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FLORIDA WEEKLYC14 WEEK OF JUNE 27-JULY 3, 2013 Come see whats available at the NEW River Park Aquatics Center 239.348.4357www.naplescosmeticsurgerycenter.comPhysicians-Regional Medical Center | Pine Ridge Campus 6101 Pine Ridge Road, Suite 15 | Naples, FL 34119 Andrew Turk, MD, FACSBoard Certi ed Plastic Surgeon of the Face, Breast and Body Castle Connolly Top DoctorTRUST your face, breast and bodyto the ONLY one you need... ...a board certi ed plastic surgeon. Actual Patients of Dr. Andrew Turk. Names (and prices) are subject to change The names of antiques sometimes change as research corrects old errors. In the 1930s, an auction house sold a pair of what were called Lowestoft vases that were large enough to put on a fireplace mantel. They were named after the English town where they were thought to have been made in the 18th century. The vases had a traditional Chinese shape and were made of bluish-white porcelain decorated with a blue, green and orange coat of arms and slightly raised white scrolls. When the same vases were sold again in the 1950s, they were described as Chinese export porcelain because experts had learned that in the mid-1700s the Lowestoft factory was making early blue-and-white English Delft souvenirs of regional interest, not porcelain like the vases. Researchers also had learned that porcelain made in China in the 18th century was being exported to England and that some had made its way to Lowestoft. But the Chinese porcelain exported to the West back then, although very good, was not the top-quality porcelain made in China for wealthy Chinese families. Some of the export pieces were plain, Chinese porcelain with added new decorations like coats-of-arms or pictures of ships. But there were also other problems with the pair of vases. The vases were not Chinese at all; they actually were copies made by Jacob Petit (1796-1868), who opened a shop in Paris in 1863. Painted raised white scrolls are the clue to identifying Petits copies of Chinese export porcelain. Petit also made copies of Sevres, Meissen, English dinnerware and more. So be careful when looking for information about Chinese export or Lowestoft porcelain. Information in old books is not accurate. And often, information online is from old books. Present-day auction-house descriptions and information in recent publications usually are accurate. Jacob Petit copies of Chinese export porcelain are collected today. A single one of his vases is worth about $800. Q: My mother would like to know what her bound volume of Frank Leslies Illustrated Newspaper is worth. The spine is marked Vol. 1, and the book includes issues dated from Dec. 15, 1855, to May 31, 1856. The newspaper pages are large, about 12 by 16 inches. A: Bound volumes of Frank Leslies illustrated weekly, the first one published in the United States, often show up at shows and can be found for sale online. Leslie (1821-1880) was born in England and immigrated to the United States in 1848. He was an engraver and illustrator before he became a publisher, and his many publications are wanted by collectors not only for their historical value, KOVEL: ANTIQUES s w n c w P t terryKOVELnews@floridaweekly.com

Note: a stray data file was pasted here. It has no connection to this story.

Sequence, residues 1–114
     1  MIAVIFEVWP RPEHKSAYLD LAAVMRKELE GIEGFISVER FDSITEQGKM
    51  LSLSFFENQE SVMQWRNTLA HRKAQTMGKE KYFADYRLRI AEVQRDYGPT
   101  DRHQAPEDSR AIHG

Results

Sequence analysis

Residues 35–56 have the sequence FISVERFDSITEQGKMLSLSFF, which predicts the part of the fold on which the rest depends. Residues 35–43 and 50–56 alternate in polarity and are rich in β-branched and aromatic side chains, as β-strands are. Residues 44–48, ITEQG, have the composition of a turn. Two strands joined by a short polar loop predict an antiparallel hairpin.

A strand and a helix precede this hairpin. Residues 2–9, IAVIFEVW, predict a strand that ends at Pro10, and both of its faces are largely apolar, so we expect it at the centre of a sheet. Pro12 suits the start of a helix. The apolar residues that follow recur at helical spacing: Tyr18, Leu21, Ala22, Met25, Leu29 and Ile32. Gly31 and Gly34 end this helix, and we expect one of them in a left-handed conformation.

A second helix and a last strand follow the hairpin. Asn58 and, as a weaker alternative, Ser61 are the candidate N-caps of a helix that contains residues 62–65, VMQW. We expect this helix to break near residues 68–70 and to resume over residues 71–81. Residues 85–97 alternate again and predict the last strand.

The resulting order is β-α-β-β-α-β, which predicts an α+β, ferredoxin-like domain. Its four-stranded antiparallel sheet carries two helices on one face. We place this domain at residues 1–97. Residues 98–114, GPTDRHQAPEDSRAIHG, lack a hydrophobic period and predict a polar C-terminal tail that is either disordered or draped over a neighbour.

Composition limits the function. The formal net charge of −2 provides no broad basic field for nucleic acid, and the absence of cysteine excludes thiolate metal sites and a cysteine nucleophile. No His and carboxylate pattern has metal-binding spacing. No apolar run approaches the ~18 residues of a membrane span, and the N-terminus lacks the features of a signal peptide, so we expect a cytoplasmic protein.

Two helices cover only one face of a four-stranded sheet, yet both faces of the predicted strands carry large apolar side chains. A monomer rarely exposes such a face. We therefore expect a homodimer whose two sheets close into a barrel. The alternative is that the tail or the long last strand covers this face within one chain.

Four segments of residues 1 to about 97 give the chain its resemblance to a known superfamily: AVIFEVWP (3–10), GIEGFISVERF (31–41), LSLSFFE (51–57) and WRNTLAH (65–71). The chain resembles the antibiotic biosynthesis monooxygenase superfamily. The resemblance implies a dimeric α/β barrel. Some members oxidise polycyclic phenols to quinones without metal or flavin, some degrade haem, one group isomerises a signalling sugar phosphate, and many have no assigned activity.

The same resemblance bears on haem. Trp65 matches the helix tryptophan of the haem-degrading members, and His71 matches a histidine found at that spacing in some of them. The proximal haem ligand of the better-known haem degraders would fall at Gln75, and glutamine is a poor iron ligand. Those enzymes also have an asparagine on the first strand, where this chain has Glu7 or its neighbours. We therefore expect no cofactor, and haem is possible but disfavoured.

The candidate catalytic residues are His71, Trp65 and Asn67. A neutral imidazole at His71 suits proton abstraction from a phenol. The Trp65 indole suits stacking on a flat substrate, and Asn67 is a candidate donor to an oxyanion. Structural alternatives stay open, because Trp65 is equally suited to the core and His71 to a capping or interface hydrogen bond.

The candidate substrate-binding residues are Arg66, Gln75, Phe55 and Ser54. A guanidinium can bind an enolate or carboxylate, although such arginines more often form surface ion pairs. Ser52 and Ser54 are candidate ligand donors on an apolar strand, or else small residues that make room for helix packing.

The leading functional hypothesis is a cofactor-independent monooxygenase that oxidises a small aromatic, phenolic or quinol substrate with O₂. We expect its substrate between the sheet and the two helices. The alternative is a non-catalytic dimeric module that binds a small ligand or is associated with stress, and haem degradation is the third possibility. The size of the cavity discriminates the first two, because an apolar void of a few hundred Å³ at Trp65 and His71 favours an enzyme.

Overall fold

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but also for their wood engravings and early photographs. The price your volume could sell for depends on condition of the binding and of the newspapers themselves. We have seen early volumes sell for $50 to $200. Q: I have had an old table cigarette lighter for about 30 years. It was old when I got it. It appears to be silverplate, but its heavy. Its in the shape of a cornucopia, with the lighter at the top of the basket. Theres no mark on it. Can you identify and price it? A: The Evans Case Co. of North Attleborough, Mass., made an unmarked silver-plated cornucopia table lighter like the one you describe. Evans was in business from 1922 to 1960, but table lighters were at their height of popularity in the 1930s and s. Thats probably when yours was made. Other silver-tone cornucopia table lighters were made in Japan after World War II, but theyre marked Made in Occupied Japan. The irony is that both the Evans and Occupied Japan lighters sell for about $50 today. Q: My grandmother gave me her antique water basin, a very large pitcher and a smaller, matching water pitcher. She said the smaller pitcher was for hot water. The wash-basin set was given to her as a wedding gift in 1907. All three pieces are plain white. On the bottom, each piece is marked Yale in gold on a banner. Since this set is a family heirloom, it will not be sold, but I would like to know the history of the company. A: Wash sets such as yours were used in the days before indoor plumbing. The large pitcher was used to pour water into the basin for washing, and the smaller pitcher was used when brushing teeth. The Yale mark was one of several marks used between 1882 and 1925 by the Potters Co-Operative Co. of East Liverpool, Ohio. The company made hotel ware, white ware and some decorated ware. The name of the company became Dresden Pottery Co. in 1925. It went out of business in 1927. Your set was made between 1882 and 1907. Tip: If you have stored a quilt, take it out twice a year and refold it in half, if you had it in thirds before. This practice will prevent crease lines. Terry Kovel answers as many questions as possible through the column. By sending a letter with a question, you give full permission for use in the column or any other Kovel forum. Names, addresses or email addresses will not be published. We cannot guarantee the return of any photograph, but if a stamped envelope is included, we will try. The volume of mail makes personal answers or appraisals impossible. Write to Kovels, (Florida Weekly), King Features Syndicate, 300 W. 57th St., New York, NY 10019. These urns were thought to be Chinese export pieces made in the 1700s, but they were made by Jacob Petit in France. Raised white lines are found on his 19th-century pieces. 475 SEAGATE DRIVE, NAPLES, FL 34103 SPAPAMPER YOURSELF THIS SUMMER To reserve your treatment, please call 239.594.6321 or visit WaldorfAstoriaNaples.com. A most rejuvenating spa experience awaits you. Relax and restore at the Waldorf Astoria Spa with the below summer specials priced from $110 per treatment*. Signature Massage Perfect Balance Facial Marine Sea Salt Scrub Spa Manicure & Pedicure *Valid through July 31, 2013. 22% service charge additional. ANNOUNCING THE NAPLES PLAYERS SUMMER SHOW!Voted Best Live Theatre 10 Years in a row! Call or buy online 239-263-7990 www.naplesplayers.org Sponsored by Enjoy Dinner & A Show! Les Misrables Performances Wednesday Saturday 8:00 p.m. Sunday 2:00 p.m. BOUBLIL & SCHONBERGS LEGENDARY MUSICAL Lyrics by Herbert Kretzmer June 28 thru July 28, 2013No show on July 4th NAPLES FLORIDA WEEKLY WEEK OF JUNE 27-JULY 3, 2013 C15